On the minus side, the cabin ambience is dampened somewhat by the obvious VW Group-sourced components, such as the gearshift surround, as well as the HVAC and audio controls. It’s a bit disappointing in a vehicle that’s pitched as a highly bespoke and exclusive offering.
And although it has a menacing stance, you could be forgiven for thinking the GT3-R is just a Conti V8S with a body kit, go-faster racing stripes and nicer wheels if you happen to see one in traffic or parked by the kerb.
So if you’re the one who has forked out $669k for the thing, you may struggle to see where exactly the extra $265k (over a Conti V8S) you’ve outlaid has gone. Push the start button and at least some of these concerns are dissipated as the exhaust note is pure bad-boy. It’s loud, pleasingly raw and laced with a rich assortment of pops and crackles on the overrun. In short, it’s most un-Bentley-like.
You sit quite high in the GT3-R, much more so than you would in an Italian exotic, and visibility in all directions is heavily limited by the gun-turret windows, which also restrict the amount of light that pervades the cabin.
Given that I have just a day with the car, I plot a drive route that comprises a mix of freeway cruising and backroad blasting to get a feel for the GT3-R’s all-round abilities.
During the freeway schlep, I rouse the twin-turbo V8 into life with a couple of stabs on the throttle, and the result is a pleasing bark from the quartet of exhausts. That said, the GT3-R doesn’t serve up the spine-whacking acceleration one might have expected, given that I had just given 700 Newtons free rein.
The primary reason for this no doubt stems from the 2.2-tonne mass that the 4.0-litre V8 is commandeered with hauling around. It piles on the speed alright, but the build-up in speed is linear rather than brutal.
The other thing I find somewhat irksome is that the flappy shift paddles for the eight-speed auto are situated too high and far from the steering wheel rim. You really need to stretch your fingers to effect up- or downshifts, which isn’t what you want to be doing when you’re really pressing on across challenging roads or a racetrack.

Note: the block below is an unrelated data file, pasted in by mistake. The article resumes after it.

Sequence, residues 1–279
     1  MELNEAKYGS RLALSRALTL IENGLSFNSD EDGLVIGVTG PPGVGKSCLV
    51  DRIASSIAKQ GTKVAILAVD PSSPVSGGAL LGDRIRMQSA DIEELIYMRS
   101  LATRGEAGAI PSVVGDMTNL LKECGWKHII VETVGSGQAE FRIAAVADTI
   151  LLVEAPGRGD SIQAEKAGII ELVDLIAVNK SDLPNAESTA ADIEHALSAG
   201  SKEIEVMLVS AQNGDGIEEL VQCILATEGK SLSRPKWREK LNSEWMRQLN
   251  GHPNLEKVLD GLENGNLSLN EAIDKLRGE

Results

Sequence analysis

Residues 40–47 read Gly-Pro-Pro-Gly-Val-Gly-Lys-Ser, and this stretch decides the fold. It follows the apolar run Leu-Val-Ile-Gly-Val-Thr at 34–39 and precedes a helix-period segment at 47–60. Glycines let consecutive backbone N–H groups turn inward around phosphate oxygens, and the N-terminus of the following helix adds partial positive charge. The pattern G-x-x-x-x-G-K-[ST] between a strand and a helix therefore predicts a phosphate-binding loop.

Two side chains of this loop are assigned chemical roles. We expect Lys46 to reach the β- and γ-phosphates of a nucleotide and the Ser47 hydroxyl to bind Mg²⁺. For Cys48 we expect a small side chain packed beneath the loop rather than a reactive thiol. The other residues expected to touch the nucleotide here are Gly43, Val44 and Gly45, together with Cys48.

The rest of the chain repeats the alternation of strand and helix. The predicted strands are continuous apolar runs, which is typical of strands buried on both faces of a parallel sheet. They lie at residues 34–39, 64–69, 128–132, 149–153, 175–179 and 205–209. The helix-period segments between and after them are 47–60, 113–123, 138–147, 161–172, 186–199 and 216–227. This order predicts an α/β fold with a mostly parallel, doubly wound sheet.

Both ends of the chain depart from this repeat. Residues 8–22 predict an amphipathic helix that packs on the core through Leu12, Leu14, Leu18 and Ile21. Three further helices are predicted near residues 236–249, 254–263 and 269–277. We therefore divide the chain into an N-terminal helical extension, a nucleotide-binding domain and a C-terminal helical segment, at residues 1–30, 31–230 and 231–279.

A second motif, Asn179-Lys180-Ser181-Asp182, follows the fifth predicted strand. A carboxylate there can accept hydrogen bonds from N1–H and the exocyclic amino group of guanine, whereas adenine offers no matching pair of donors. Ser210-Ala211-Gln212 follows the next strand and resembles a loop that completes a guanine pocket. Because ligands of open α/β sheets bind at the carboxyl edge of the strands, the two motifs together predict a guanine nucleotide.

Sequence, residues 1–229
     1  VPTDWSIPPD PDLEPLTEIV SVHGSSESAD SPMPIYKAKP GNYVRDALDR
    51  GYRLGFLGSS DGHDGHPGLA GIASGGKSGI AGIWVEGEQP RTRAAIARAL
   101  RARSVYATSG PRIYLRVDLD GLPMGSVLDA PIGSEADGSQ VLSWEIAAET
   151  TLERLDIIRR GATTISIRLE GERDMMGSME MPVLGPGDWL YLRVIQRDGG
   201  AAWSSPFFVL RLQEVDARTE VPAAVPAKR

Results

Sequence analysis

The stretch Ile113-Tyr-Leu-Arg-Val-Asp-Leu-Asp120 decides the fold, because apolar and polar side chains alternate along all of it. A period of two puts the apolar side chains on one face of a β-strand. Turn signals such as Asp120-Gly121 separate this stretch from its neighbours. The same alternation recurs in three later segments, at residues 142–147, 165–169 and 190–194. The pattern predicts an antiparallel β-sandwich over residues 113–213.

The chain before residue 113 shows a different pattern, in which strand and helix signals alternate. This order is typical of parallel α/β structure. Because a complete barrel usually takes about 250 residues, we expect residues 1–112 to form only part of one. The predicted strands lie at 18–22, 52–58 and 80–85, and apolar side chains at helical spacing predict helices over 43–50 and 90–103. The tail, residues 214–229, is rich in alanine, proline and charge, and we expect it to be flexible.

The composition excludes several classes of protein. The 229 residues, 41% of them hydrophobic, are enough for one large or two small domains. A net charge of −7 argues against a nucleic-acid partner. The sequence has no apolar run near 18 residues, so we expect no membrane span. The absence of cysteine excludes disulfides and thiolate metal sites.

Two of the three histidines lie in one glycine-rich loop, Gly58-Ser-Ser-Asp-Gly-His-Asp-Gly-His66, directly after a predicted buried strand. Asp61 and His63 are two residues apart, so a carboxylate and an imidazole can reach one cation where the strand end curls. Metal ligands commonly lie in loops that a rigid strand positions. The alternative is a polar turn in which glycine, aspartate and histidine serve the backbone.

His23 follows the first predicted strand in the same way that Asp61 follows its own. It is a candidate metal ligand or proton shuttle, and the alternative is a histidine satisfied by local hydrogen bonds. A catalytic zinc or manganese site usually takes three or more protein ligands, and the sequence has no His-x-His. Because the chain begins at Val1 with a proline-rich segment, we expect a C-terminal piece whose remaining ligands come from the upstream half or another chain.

With a twisty stretch of tarmac looming ahead, the first thing to do is to set the dampers in their stiffest setting, but even in this mode the suspension is surprisingly compliant. But then, this is, after all, a Bentley so I suppose I should have expected the magic-carpet ride, which is well removed from what you’d get in a Latin hypercar.
As the road begins to snake left and right, I up the pace, and the first impression is that there’s simply no getting away from this car’s gargantuan mass. After all, you can’t just sweep an extra 500-600kg (vis-à-vis a typical 450kW-plus supercar) under the rug and hope no one will notice.
This becomes particularly apparent as I stand on the brakes hard with a tight left-hander approaching, prompting the GT3-R to squirrel noticeably as the weight transfers heavily to the nose of the car. It almost feels as though the GT3-R wants to swap ends, and that’s before any steering lock is applied.
Bentley may make bang on on about how the GT3-R was “born on the racetrack”, but the fact is that it remains a Grand Tourer, albeit one with a slightly more sporting bent than its GT V8S and GT Speed siblings.
So, if what you’re looking for is an opulent, comfortable coupe that’s in its element at fast touring pace on freeways and sweeping country roads, you won’t be disappointed. The GT3-R’s uniqueness and spine-tingling exhaust note will also doubtless be a magnet for many buyers.
But if you’re hankering after a pure balls-out backroad blaster, you should look elsewhere – the same money will get you into a Fezza 488 GTB with change left over, or a Lambo Huracan with even more cashola to spare.
2015 Bentley Continental GT3-R pricing and specifications
Price: $669,000 (plus on-road costs)
Engine: 4.0-litre V8 twin-turbo petrol
Transmission: Eight-speed automatic
Fuel consumption: 12.7L/100km (Combined)
CO2: 295g/km (Combined)
Safety rating: TBA
What we liked:
>> Lovely V8 soundtrack
>> Respectably quick in a straight line
Not so much:
>> Absurd price
>> It’s no backroad demon
>> VW Group switchgear
This article first appeared on motoring.com.au